A simple example that illustrates this fact pretty well is shown in Figure 1, Drive Times from a specific location based on traffic grid.

ESRI Map, Drive Times

Figure 1: ESRI Map: Drive Times; produced using ArcGIS JavaScript API, http://mapapps.esri.com/serverdemos/siteselection/index.html

The Law

Section 508 as explained by Authority 29 U.S.C. 794d: “Section 508 requires that when Federal agencies develop, procure, maintain, or use electronic and information technology, Federal employees with disabilities have access to and use of information and data that is comparable to the access and use by Federal employees who are not individuals with disabilities, unless an undue burden would be imposed on the agency. Section 508 also requires that individuals with disabilities, who are members of the public seeking information or services from a Federal agency, have access to and use of information and data that is comparable to that provided to the public who are not individuals with disabilities, unless an undue burden would be imposed on the agency.”
This law is extended and applicable to companies that develop applications for the agency, i.e. ESRI has to adhere to the Section 508 Standards.
The Section 508 Checkpoints were translated into Web Content Accessibility Guidelines which cover most of Section 508 and describe its implementation in terms of HTML & CSS.

Current ‘Solution’

So far, exceptions to this law have been granted for the specific case of online maps. It is believed to impose an ‘undue burden’ to the agency/contractor to make maps accessible. In many cases a 1-800 number was provided that would help the user to get the same information.

Questions and Possible Research Areas

Currently the following WCAG checkpoints are Level 1 (A) show-stoppers and need to be solved/researched/implemented:

Checkpoint 1: Provide equivalent alternatives to auditory and visual content

How to read a map when blind? E.g. redundant text for active regions/content.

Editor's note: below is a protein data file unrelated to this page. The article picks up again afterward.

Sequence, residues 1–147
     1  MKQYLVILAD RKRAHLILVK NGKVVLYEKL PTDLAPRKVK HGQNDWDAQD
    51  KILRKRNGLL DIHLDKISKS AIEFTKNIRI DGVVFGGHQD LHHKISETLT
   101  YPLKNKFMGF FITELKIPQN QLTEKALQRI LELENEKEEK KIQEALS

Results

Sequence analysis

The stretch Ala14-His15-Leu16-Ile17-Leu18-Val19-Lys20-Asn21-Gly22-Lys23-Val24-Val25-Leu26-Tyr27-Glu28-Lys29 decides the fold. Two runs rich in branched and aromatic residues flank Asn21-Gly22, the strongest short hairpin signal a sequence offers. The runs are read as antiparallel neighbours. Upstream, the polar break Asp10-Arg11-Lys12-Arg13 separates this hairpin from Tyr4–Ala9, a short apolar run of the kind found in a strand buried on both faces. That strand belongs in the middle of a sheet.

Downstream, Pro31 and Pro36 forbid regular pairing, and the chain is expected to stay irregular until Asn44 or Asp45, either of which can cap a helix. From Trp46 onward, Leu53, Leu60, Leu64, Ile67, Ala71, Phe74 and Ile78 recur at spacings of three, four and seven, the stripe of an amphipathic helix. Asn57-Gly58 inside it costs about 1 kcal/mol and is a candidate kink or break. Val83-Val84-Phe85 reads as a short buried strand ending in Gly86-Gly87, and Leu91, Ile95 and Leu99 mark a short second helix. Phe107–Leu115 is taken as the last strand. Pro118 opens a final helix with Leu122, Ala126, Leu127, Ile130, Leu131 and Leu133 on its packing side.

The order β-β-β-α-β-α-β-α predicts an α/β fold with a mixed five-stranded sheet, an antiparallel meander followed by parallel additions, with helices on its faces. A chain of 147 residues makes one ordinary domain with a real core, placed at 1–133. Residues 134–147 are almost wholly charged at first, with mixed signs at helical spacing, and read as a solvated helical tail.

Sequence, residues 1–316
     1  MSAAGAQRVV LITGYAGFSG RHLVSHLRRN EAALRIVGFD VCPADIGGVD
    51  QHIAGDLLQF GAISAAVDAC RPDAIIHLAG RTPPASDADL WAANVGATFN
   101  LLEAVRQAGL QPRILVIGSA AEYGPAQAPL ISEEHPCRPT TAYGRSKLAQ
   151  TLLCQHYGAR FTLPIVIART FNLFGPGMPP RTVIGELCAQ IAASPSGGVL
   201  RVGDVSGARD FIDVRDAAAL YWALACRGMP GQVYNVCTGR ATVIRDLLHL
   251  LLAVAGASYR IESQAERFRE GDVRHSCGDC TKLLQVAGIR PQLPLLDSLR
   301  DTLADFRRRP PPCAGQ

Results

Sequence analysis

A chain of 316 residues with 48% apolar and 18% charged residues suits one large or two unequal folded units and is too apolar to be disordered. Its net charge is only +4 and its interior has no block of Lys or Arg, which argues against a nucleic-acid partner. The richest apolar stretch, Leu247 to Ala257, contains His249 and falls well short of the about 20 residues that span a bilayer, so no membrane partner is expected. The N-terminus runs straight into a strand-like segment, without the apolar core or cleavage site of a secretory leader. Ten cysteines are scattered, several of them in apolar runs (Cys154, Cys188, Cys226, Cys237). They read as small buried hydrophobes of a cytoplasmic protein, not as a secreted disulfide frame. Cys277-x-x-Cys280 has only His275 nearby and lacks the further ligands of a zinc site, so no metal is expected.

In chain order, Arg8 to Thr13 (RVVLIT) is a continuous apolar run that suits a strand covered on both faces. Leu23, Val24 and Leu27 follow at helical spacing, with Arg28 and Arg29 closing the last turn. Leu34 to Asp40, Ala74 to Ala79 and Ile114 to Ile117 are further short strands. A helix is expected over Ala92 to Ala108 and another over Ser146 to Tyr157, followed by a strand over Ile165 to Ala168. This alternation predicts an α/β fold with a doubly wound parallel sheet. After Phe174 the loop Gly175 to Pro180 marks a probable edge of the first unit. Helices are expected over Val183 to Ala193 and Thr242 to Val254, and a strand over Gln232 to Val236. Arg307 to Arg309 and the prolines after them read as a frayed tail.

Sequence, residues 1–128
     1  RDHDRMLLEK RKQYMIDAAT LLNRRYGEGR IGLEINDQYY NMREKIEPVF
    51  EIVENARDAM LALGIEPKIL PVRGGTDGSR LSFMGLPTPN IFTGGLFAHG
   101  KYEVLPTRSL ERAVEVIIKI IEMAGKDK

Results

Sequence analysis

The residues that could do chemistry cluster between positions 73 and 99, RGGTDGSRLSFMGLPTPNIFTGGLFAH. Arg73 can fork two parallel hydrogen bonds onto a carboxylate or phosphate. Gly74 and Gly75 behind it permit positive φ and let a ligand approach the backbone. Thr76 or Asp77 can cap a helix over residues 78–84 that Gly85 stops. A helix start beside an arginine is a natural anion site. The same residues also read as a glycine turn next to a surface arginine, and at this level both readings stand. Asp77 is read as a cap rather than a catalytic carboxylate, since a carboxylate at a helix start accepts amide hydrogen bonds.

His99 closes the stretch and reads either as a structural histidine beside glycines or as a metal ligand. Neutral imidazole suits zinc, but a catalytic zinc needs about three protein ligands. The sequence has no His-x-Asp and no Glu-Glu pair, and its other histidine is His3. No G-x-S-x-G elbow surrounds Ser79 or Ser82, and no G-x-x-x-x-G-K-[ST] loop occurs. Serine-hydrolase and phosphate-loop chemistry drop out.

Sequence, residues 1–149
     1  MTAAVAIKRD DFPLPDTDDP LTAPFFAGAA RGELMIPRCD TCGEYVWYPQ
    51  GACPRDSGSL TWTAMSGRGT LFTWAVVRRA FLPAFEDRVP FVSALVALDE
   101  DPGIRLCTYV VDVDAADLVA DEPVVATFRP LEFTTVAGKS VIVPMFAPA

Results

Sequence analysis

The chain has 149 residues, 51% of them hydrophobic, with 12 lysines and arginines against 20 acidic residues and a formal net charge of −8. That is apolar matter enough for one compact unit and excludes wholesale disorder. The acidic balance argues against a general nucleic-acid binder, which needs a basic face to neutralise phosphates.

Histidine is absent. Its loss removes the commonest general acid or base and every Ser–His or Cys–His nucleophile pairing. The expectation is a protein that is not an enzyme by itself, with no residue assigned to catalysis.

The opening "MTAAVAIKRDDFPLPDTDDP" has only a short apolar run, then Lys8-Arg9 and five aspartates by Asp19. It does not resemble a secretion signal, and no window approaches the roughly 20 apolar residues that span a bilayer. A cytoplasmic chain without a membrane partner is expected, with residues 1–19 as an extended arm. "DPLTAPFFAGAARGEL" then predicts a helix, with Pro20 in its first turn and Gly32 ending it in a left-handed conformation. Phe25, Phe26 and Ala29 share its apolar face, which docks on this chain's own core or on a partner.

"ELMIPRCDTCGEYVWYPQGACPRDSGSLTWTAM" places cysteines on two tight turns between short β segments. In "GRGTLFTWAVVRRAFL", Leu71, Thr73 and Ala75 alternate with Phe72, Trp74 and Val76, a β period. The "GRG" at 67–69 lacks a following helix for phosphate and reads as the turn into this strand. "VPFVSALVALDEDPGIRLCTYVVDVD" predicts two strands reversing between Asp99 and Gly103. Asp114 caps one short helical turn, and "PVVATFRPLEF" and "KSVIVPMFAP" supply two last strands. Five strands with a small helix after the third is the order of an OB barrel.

Checkpoint 2: Don’t rely on color alone

Map application could provide different color schemes/black&white/shades of gray?!

Checkpoint 6: Ensure that pages featuring new technologies transform gracefully

How to provide a map (or alternative) that can be used when scripts are turned off?

Checkpoint 8: Ensure direct accessibility of embedded user interfaces

Do not write event-handlers that rely on mouse-coordinates (device-independence; see also Checkpoint 9)

Checkpoint 9: Design for device-independence

How to navigate a map without a mouse?

Checkpoint 12: Provide context and orientation information

How to describe the content of a map (especially after a change, e.g. query)?

You know of a solution?

Please get in touch with me if you know of solutions to these problems!

I hope that solutions for these problems can be found and maps become available to everyone. As always, not only users with disabilities will benefit from these efforts but also the applications themselves, e.g. better SEO (search engine optimization), alternative support for mobile user agents, assistance for elderly people, etc.

17Mar0

I love Speed… therefore Google Chrome is.

Posted by Michael Gaigg

Happy St. Patrick's Day

Happy St. Patrick

Happy St. Patrick's Day everyone! While you're still sipping your Guinness and chewing on your shamrocks, everything seems to be new and shiny at Google: As announced today in their new Google Chrome blog, Google has released their new beta of Chrome.

New Features

Besides some really nice features (form autofill, full page zoom and autoscroll) Google Chrome offers a cool new way to drag tabs out to get a side-by-side view - way to go.

Did Google Chrome Just Get Even Faster?

Have I mentioned speed yet? As if (ooooold stable version of) Chrome wasn't fast enough, the neeeeew beta promised 25% to 35% in speed enhancements according to their V8 and Sunspider benchmarks. Ask your typical user to see why speed matters 😉

Which Browser do you use?

Are you still on Internet Explorer? Don't tell me IE6 - I'd have to creep through your monitor and strangle somebody... Firefox? Chrome? What are your experiences?

13Mar0

Go figure: 10 Comic Strips that have Something in Common

Posted by Michael Gaigg

Here is to all you peeps that cannot survive the weekend without a computer, smart phone or internet connection: What do the following 10 comic strips have in common?

Be aware, this is a trick question!

Comic 01: 'You have major self-esteem issues. I highly recommend that you immediately disable commenting on your blog.'

Comic 01: 'You have major self-esteem issues. I highly recommend that you immediately disable commenting on your blog.'

Comic 02: 'You don't send me trackbacks anymore. Are you blogging someone else?'

Comic 02: 'You don't send me trackbacks anymore. Are you blogging someone else?'

Comic 03: 'I wanna Wii' - 'Well, please wait until you're finished telling Santa what you want.'

Comic 03: 'I wanna Wii' - 'Well, please wait until you're finished telling Santa what you want.'

Comic 04: 'Will blog for food'

Comic 04: 'Will blog for food'

Comic 05: 'You can't go outside to play until you've finished reading all your RSS feeds!'

Comic 05: 'You can't go outside to play until you've finished reading all your RSS feeds!'